Good engineering practice of updating standards
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Thus, if employers have identified these standards or documents as RAGAGEP and are following the requirements laid out in these documents, then they likely will be in compliance with the standard’s requirements.OSHA also recognizes that non-consensus engineering documents or peer-reviewed technical articles addressing specific hazards may serve as RAGAGEP when published standards are not available or are not adequate to address specific hazards.
The PDA also desires this compatibility for the document "Guidance on Process Validation" (CPMP/QWP/848/96/draft) issued by the CPMP (Committee for Proprietary Medicinal Products), the medicinal products specialty committee of the European regulatory authority EMEA (European Medicinal Evaluation Agency).
The new guidance clarifies OSHA’s positions with respect to enforcing the PSM standards that reference or imply the use of RAGAGEP. § 1910.119 should carefully review their compliance with the following standards in light of this new guidance and OSHA’s renewed focus on the proper application of RAGAGEP to covered processes and equipment: Issuance of this memorandum signals that inspectors will be looking more closely at these requirements during PSM-related inspections and that they will specifically be looking for information on whether employers have identified and documented the appropriate RAGAGEP that applies to each piece of equipment and are following the inspection and testing requirements including frequency of those inspections and tests.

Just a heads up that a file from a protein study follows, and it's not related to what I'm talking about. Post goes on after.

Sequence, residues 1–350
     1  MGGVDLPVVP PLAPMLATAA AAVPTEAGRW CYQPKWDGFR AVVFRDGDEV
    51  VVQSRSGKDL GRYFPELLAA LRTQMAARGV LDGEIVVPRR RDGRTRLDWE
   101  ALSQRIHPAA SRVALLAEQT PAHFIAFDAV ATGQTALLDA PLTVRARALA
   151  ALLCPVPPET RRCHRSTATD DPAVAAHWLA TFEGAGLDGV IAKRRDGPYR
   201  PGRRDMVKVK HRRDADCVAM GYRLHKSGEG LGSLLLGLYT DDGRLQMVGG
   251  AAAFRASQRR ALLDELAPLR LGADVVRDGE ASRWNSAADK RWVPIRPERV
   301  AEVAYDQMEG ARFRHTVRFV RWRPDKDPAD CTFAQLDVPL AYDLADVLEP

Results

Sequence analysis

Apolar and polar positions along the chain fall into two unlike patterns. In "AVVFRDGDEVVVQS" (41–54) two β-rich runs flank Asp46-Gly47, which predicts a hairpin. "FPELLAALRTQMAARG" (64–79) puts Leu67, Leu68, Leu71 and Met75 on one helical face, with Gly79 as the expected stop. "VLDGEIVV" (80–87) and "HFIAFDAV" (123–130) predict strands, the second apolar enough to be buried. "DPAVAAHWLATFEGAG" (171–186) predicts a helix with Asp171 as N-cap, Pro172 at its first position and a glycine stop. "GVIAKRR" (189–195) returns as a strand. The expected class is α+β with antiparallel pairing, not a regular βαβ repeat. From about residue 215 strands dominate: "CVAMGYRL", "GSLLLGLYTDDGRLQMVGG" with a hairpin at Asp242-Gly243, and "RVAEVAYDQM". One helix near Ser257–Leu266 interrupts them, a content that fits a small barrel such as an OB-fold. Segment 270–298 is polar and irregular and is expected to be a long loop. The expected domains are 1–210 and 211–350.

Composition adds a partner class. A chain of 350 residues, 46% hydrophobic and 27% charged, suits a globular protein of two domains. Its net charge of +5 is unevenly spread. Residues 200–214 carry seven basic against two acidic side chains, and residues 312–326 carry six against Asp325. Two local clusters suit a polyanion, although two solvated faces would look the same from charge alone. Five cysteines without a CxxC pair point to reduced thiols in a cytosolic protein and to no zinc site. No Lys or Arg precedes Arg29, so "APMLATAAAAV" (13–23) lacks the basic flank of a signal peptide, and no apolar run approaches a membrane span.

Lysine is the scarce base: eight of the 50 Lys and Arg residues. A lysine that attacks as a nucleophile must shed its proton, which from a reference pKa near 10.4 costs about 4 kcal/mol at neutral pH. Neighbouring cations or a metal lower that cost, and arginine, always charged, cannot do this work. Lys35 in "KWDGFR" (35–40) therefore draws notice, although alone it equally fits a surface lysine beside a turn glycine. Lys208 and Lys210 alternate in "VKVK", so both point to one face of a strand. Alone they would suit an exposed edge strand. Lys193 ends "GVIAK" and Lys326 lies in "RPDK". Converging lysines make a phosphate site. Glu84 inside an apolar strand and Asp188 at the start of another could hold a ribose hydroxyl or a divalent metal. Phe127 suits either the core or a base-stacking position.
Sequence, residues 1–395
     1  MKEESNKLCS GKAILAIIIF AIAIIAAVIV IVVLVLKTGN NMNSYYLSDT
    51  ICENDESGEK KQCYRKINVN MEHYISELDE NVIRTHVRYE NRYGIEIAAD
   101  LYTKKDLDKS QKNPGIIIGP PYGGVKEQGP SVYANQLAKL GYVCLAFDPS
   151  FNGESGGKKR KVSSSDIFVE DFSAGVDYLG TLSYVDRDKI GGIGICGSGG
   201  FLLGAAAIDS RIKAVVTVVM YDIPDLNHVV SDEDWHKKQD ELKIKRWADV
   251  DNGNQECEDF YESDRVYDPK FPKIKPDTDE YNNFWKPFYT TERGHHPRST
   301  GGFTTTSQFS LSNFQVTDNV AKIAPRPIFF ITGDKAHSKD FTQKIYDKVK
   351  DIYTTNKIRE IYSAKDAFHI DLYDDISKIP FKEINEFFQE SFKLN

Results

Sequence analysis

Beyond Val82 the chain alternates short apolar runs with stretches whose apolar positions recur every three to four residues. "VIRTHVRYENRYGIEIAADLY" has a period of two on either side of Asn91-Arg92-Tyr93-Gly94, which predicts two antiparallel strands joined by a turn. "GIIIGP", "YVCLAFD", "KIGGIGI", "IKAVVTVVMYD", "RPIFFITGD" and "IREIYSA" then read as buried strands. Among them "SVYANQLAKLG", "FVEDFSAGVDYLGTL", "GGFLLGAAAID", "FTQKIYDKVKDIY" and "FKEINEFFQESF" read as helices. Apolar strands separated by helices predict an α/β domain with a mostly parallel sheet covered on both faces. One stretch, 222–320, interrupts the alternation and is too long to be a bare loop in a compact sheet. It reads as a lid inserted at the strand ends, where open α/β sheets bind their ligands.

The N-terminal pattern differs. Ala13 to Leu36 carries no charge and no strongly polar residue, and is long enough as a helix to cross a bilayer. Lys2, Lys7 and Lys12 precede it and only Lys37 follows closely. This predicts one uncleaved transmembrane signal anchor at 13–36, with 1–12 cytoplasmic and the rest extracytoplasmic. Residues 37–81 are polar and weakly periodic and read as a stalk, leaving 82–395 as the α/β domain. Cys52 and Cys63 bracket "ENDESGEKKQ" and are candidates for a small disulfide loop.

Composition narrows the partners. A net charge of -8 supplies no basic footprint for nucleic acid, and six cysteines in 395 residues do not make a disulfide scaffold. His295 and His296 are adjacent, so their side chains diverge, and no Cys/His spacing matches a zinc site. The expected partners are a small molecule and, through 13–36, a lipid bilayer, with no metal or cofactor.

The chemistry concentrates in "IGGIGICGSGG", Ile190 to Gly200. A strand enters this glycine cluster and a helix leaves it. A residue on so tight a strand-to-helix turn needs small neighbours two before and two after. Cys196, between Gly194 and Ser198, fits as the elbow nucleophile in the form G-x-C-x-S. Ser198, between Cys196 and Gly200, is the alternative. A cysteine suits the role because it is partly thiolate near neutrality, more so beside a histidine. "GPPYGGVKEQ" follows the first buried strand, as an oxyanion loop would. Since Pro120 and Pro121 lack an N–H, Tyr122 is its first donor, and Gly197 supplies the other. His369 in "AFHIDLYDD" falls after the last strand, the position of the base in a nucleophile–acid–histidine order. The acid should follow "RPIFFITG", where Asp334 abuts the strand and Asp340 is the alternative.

The memorandum provides the most detailed information on how OSHA will handle PSM inspections with respect to the RAGAGEP requirements and it includes 16 detailed enforcement considerations that inspectors will evaluate when reviewing an employer’s compliance. In this enforcement memorandum, OSHA recognizes that while the PSM standard does not define RAGAGEP and employers may select the RAGAGEP that will apply to their covered processes, there are several consensus standards that are widely adopted by federal, state and municipal jurisdictions and are generally accepted by OSHA as RAGAGEP.
If the adopted RAGAGEP provision applies to the covered process and the employer has adopted that approach, OSHA will presume that the employer’s compliance with the “should” language is appropriate.
However, if an employer chooses to use an alternate approach than the one provided under the “should” language, OSHA states that more investigation must be done to determine if it is appropriate.
In order for internally developed standards to serve as RAGAGEP, OSHA makes clear that the internally developed standards must either meet or exceed the protective requirements of the published RAGAGEP when it exists.
Employers who rely upon such documents to serve as RAGAGEP are encouraged to think strategically on how they can explain to OSHA why such documents should be considered to be RAGAGEP by the agency and provide for more stringent requirements than other documents.
OSHA makes clear that if the employer deviates from the “shall” and “shall not” requirements in the adopted RAGAGEP, it will presume that a violation occurred and a citation will be issued.
Moreover, OSHA asserts that “should” or similar language in the RAGAGEP reflects an acceptable and preferred approach.
If the employer finds that it has not implemented the “should” language, it needs to consider whether its approach is at least as protective and be prepared to explain how that approach protects employees to OSHA.
The memorandum provides a list of 16 enforcement considerations that will be considered by the inspector when evaluating whether an employer is meeting the RAGAGEP requirements under the PSM standard.
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